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Mindful : April 2015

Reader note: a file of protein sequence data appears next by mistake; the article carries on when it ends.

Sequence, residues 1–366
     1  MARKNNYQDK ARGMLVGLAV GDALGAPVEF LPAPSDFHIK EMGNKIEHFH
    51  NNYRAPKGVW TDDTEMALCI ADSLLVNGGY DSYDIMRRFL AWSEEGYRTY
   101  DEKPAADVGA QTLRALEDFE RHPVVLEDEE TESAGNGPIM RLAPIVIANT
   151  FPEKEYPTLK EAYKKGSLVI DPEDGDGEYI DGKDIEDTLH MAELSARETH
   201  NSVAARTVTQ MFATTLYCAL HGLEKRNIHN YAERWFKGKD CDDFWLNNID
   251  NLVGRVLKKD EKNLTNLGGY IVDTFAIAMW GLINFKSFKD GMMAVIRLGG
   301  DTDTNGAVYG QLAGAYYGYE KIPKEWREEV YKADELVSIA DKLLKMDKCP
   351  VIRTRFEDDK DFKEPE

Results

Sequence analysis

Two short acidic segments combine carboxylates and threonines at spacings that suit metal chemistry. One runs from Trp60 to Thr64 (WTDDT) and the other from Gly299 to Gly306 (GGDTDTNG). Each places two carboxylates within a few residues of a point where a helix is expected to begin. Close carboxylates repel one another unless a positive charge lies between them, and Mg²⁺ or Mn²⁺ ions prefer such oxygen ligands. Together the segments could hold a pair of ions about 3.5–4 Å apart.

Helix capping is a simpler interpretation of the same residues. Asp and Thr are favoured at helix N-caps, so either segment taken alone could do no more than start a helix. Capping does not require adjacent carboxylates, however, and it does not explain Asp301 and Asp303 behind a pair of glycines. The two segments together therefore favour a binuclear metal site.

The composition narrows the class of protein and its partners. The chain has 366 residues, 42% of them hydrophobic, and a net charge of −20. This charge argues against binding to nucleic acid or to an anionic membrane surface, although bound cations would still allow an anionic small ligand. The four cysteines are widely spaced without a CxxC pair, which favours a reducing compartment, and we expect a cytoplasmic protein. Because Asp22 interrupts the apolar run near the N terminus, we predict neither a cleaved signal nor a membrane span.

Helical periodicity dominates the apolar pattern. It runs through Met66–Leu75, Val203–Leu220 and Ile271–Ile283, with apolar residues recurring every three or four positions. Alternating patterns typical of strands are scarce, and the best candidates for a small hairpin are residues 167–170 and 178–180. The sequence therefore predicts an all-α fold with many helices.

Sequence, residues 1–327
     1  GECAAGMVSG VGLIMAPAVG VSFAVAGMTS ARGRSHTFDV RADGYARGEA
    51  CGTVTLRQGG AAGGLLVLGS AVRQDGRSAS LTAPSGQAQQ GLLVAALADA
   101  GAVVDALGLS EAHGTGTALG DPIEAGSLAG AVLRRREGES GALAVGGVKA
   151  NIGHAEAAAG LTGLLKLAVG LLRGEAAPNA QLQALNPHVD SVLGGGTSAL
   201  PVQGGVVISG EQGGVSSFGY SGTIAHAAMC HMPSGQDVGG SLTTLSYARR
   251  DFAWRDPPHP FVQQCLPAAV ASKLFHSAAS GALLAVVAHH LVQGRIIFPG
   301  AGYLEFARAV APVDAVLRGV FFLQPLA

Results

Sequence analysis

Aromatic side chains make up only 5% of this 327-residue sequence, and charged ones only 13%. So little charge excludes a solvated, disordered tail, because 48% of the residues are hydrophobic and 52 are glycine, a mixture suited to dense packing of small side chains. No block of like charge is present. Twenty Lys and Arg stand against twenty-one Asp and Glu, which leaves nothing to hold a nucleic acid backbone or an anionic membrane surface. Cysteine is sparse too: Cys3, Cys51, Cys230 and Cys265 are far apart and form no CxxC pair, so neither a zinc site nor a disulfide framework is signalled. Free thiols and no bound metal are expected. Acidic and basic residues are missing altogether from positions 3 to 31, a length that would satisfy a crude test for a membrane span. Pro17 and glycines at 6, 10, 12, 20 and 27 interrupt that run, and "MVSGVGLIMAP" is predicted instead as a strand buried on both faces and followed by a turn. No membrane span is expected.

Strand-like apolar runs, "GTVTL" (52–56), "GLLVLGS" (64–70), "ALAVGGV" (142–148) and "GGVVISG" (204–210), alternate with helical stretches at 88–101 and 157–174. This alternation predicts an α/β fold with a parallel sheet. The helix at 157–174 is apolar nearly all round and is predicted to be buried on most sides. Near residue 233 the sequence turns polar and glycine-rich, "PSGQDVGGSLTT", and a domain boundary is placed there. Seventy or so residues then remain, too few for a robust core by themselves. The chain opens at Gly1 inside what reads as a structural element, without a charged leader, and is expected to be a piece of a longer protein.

be willing to trade theirs for a nother par ticipant ’s, most people say no. Why? Because we’re wired to really, really hate losing. We’re good at a nticipating all the ways our decisions ca n backfire. Imagining the regret of losing a winning ticket we once held is much more pow- erful than imagining failing to trade for a winner. This “loss aversion” ma kes no rational sense, but a great deal of emo- tional sense: the brain is wired to avoid losses, not to win. For example, retirees often spurn stocks in favor of “safe” money market funds with a minuscule rate of return. Many studies suggest the brain treats losses as twice as powerful as gains, and so would rather miss out on $100 in gains than lose $50. That’s not to say that a preference for avoiding losses, even at the cost of missing out on gains, is immutable. A 2014 study in the Journal of Behavioral and Experimental Econom- ics, for instance, found that risk aversion increases the sadder we are, while loss aversion is mitigated by anger. Lesson: ma ke your 401(k) choices when you’re mad, not sad. The brain basis for loss aversion may have to do with the fact that neural circuits mediating fear and anxiety overlap with those involved in economic decisions, finds psychologist Eliza- beth Phelps of New York University. In par ticular, the a mygdala is involved in decisions where uncertainty is high a nd loss is a distinct possibility, such as buy- ing, selling, and investing. The a mygdala also produces the felt sense of fear and a nxiety. Result: deciding whether to buy a n a nnuity, even when you’re well off, ca n generate throat-constricting anxiety. In addition to casting light on classic conundrums in economics, adding mind and brain to the analysis of economic decision-making is nudging homo economicus even fa rther off his pedestal. One would think, or hope, that when peo- ple make decisions about housing they sit down with a calculator and ca refully plot out cash flow, anticipated income and expense, and consult expert sources on interest rates and property values. And then there’s reality. Persona lity tra its—openness to new experiences a nd ideas, conscientiousness, neuroticism, ag reeableness, a nd extraversion—are correlated with preferences for certain kinds of mortgages and basic “own or rent ” decisions, Israeli resea rchers reported in a study of 1,138 people. The super-conscientious tend to prefer fixed over adjustable-rate mortgages, buying over renting, and a 15-yea r mortgage over a 30-yea r and thus higher monthly payments—because conscientiousness is associated with risk avoida nce a nd post- poning g ratification. The highly neurotic make large down payments and prefer buying to renting, which feels less set- tled, researchers led by Danny Ben-Sha- har of Tel Aviv University reported in 2014 in the Journal of Behavioral and Experimental Economics. The research “falls within the scope of a much larger discussion in the social sciences in general, a nd in economics in particular, about what constitutes deci- sion-ma king: the rational view versus that affected by emotional and cognitive biases,” sa id Ben-Shahar, and shows that when it comes to real estate people “act ‘irrationa lly,’ as economists say, and not according to traditional economic assumptions.” For sheer irrationality, however, nothing beats the mag ical thinking that Ayala Arad of Tel Aviv University discov- ered in a 2014 study. She told volunteers they could choose a ny of six amounts of money, from roughly $4 to $6, and put a sticker showing the chosen amount on a blank-faced die. If their sticker came up, when they rolled the die, they’d win that amount. Everyone chose the $6 sticker of course. Not! Almost one-third chose lesser amounts. Maybe, A rad said, they had a gut feeling that the chance of their sticker coming up depended on the choice they made “and feared being punished for greediness by some higher power.” Take that, homo economicus. ● Studies found even having a stack of Monopoly money in sight can make people less likely to help others. neuroeconomists. Their studies have produced ta ntalizing findings that show that our financial behavior is even nuttier tha n anyone imagined. Take that ATM study (Journal of Socio-Economics, Dec 2013). It builds on findings that money, including whether we’ve just handled it or happen to be looking at it, affects how helpful and generous we are. Ea rlier studies had found that when people are primed with money-related phrases, or have a stack of Monopoly money (!) in their periphery, they’re less likely to help others. Thoughts about money have also been found to increase the number of solita ry activities pa rticipants choose. Merely looking at money has made study pa rticipa nts contend more strongly that the poor deserve their fate. Researchers suspect that money activates feelings of self-sufficiency that decrease people’s desire for social contact, including will- ing ness to help others. By studying how emotions shape money decisions, neuroeconomists are making sense of behaviors that classical economists regarded as inexplicably irrational. For instance, good ol’ homo economicus prefers to have more choices; it’s just logical that with more options one of them is more likely to hit your personal sweet spot (all these flavors of Ben & Jerr y’s, love it!). Instead, Angelika Dimoka of Temple University found, real people’s neurons go TILT when con- fronted by too ma ny choices. As infor- mation load increases—Cherry Garcia? Ha zed and Confused?—so does activity in a decision-making/emotions-con- trolling region of the brain called the dorsolateral pref rontal cortex. So fa r, so good. But beyond a certain point— Caramel Sutra? Chubby Hubby?—this region seems to say, I give up, let someone else decide, a nd its activity plummets. Simulta neously, emotion circuits previ- ously held in check by the dorsolatera l prefrontal crackle with activity. No wonder, as anxiety soars, many of us go for vanilla. Another puzzle in economics that ’s yielding to the new approach is the endowment effect: resistance to swap- ping something you have even for a n identical item. When volunteers a re given lottery tickets and asked if they’d 20 mindful April 2015 brain science